Muslim communities, conflict and terrorism: a study of Alum Rock

Muslim communities, conflict and terrorism: a study of Alum Rock Purpose – The purpose of this paper is to examine the current UK Prevent Agenda 2011 and the possible threat to local communities from such policies which may actually fuel further resentment and make communities less safe and more susceptible to radicalisation and extremism. Design/methodology/approach – The paper presents a short qualitative study that involved members of the Alum Rock community in Birmingham (UK) that had experience of Prevent strategies. The study involved semi‐structured interviews which were conducted with Muslim community members who were involved either directly or indirectly with Prevent programmes in the area of Alum Rock. Findings – The study found that overall Muslim communities within Alum Rock were suspicious of the role of law enforcement agencies and counter‐terrorism policies such as Prevent. Research limitations/implications – In a short qualitative study and with a small sample size there is clearly a need to do further research and deal with a larger sample size that would demonstrate a more representative view of the community. Practical implications – This study can help inform and improve the counter‐terrorism policy framework which includes Prevent. For example, more emphasis is needed on getting views from Muslim communities through focus groups and interviews which could in turn help build trust between Muslim communities and law enforcement agencies. Originality/value – There is currently little research on the Prevent Agenda 2011 and the present paper provides an important contribution in understanding the views of Muslim communities in an area which has been the subject of a number of high profile counter‐terrorism operations (for example, Operation Gamble involved a number of police raids aimed at foiling a plot to behead a Muslim soldier), Project Champion (where West Midlands police used overt and covert surveillance (CCTV) cameras in predominantly Muslim areas). The data collected could be used as a template for gaining a better understanding of how Muslims feel about Prevent and as such can improve relations between Muslim communities and the police. http://www.deepdyve.com/assets/images/DeepDyve-Logo-lg.png Safer Communities Emerald Publishing

Muslim communities, conflict and terrorism: a study of Alum Rock

Safer Communities, Volume 11 (4): 10 – Sep 28, 2012

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Publisher
Emerald Publishing
Copyright
Copyright © 2012 Emerald Group Publishing Limited. All rights reserved.
ISSN
1757-8043
D.O.I.
10.1108/17578041211271463
Publisher site
See Article on Publisher Site

Abstract

Purpose – The purpose of this paper is to examine the current UK Prevent Agenda 2011 and the possible threat to local communities from such policies which may actually fuel further resentment and make communities less safe and more susceptible to radicalisation and extremism. Design/methodology/approach – The paper presents a short qualitative study that involved members of the Alum Rock community in Birmingham (UK) that had experience of Prevent strategies. The study involved semi‐structured interviews which were conducted with Muslim community members who were involved either directly or indirectly with Prevent programmes in the area of Alum Rock. Findings – The study found that overall Muslim communities within Alum Rock were suspicious of the role of law enforcement agencies and counter‐terrorism policies such as Prevent. Research limitations/implications – In a short qualitative study and with a small sample size there is clearly a need to do further research and deal with a larger sample size that would demonstrate a more representative view of the community. Practical implications – This study can help inform and improve the counter‐terrorism policy framework which includes Prevent. For example, more emphasis is needed on getting views from Muslim communities through focus groups and interviews which could in turn help build trust between Muslim communities and law enforcement agencies. Originality/value – There is currently little research on the Prevent Agenda 2011 and the present paper provides an important contribution in understanding the views of Muslim communities in an area which has been the subject of a number of high profile counter‐terrorism operations (for example, Operation Gamble involved a number of police raids aimed at foiling a plot to behead a Muslim soldier), Project Champion (where West Midlands police used overt and covert surveillance (CCTV) cameras in predominantly Muslim areas). The data collected could be used as a template for gaining a better understanding of how Muslims feel about Prevent and as such can improve relations between Muslim communities and the police.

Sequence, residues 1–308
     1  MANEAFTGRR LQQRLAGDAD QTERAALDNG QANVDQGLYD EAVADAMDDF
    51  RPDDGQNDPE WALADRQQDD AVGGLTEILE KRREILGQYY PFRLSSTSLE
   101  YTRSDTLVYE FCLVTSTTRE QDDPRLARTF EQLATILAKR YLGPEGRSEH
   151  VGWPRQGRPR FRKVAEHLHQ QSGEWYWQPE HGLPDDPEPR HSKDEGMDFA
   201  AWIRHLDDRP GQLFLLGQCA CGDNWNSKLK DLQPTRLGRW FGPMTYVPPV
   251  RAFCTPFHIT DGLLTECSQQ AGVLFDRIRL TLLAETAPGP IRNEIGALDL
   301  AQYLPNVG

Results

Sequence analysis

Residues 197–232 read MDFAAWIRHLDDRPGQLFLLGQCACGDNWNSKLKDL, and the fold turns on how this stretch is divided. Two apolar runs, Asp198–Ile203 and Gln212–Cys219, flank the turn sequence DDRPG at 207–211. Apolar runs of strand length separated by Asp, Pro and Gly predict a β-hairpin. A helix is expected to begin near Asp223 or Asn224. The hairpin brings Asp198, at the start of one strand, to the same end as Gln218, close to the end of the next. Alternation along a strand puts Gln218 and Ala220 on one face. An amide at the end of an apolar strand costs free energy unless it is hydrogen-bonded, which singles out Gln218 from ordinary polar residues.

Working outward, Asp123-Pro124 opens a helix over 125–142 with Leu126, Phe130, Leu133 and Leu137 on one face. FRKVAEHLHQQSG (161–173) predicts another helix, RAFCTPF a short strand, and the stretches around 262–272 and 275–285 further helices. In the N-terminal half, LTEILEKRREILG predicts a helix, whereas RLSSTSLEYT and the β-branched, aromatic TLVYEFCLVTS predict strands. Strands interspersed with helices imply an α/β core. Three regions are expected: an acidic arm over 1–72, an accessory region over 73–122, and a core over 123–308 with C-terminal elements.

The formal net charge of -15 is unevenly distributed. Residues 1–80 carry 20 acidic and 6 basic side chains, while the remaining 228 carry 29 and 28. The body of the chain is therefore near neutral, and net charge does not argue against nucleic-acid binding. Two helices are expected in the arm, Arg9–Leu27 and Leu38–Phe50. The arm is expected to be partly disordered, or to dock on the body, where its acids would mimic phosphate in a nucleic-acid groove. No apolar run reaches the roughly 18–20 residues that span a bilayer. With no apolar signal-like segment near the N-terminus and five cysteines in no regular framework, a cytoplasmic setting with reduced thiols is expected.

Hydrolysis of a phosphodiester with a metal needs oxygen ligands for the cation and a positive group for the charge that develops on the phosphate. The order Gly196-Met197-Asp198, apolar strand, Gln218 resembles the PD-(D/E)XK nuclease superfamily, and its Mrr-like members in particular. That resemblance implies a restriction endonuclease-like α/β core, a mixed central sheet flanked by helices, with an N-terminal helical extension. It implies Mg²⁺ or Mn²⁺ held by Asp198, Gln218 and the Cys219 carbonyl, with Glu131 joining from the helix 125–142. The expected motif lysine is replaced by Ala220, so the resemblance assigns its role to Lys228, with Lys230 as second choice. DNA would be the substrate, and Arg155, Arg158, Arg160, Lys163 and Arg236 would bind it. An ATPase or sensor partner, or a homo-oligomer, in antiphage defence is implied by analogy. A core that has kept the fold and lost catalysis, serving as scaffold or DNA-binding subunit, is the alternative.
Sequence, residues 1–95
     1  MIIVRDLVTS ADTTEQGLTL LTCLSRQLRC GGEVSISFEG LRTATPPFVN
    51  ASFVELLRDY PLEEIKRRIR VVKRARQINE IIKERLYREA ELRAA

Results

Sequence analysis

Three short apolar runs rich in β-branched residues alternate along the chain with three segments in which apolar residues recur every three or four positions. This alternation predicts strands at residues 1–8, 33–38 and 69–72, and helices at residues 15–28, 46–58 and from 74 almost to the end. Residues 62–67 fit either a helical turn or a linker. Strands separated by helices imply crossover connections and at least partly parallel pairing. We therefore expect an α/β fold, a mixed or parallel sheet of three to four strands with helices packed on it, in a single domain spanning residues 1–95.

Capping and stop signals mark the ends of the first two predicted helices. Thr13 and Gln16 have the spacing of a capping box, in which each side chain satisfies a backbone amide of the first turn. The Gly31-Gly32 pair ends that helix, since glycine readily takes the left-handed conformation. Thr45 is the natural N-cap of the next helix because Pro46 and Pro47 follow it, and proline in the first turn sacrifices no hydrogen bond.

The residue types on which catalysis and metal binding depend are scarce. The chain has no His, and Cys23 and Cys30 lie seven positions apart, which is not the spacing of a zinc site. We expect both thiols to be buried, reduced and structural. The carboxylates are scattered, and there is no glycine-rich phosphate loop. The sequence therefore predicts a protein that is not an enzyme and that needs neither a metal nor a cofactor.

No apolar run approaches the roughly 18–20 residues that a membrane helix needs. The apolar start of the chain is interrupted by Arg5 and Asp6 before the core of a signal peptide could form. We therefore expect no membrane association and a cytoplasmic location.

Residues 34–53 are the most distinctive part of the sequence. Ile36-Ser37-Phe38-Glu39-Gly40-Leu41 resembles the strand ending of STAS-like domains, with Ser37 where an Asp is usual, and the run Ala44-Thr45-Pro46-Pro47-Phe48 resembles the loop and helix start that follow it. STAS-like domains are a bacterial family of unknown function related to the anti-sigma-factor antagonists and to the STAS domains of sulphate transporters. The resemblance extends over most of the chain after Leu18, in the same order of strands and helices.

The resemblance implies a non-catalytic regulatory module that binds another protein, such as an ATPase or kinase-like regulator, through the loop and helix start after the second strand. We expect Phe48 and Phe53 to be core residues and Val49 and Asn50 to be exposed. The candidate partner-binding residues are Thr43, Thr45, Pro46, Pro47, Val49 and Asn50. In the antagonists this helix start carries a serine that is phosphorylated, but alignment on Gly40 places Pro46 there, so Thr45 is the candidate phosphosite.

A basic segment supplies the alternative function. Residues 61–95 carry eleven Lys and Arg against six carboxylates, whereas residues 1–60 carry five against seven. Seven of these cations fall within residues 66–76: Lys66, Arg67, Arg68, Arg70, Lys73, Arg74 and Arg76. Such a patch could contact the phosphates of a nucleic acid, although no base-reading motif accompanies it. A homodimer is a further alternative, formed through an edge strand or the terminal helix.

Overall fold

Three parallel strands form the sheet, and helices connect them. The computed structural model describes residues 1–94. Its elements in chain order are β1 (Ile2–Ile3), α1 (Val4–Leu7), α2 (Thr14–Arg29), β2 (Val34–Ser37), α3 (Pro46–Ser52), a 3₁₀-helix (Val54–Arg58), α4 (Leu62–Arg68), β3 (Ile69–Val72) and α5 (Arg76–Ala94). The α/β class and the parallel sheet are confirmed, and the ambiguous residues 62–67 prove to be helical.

Journal

Safer CommunitiesEmerald Publishing

Published: Sep 28, 2012

Keywords: Policing; Civil liberties; Counter‐terrorism; Communities; Extremism; Radicalization; Ethnic minorities; United Kingdom; Terrorism

References

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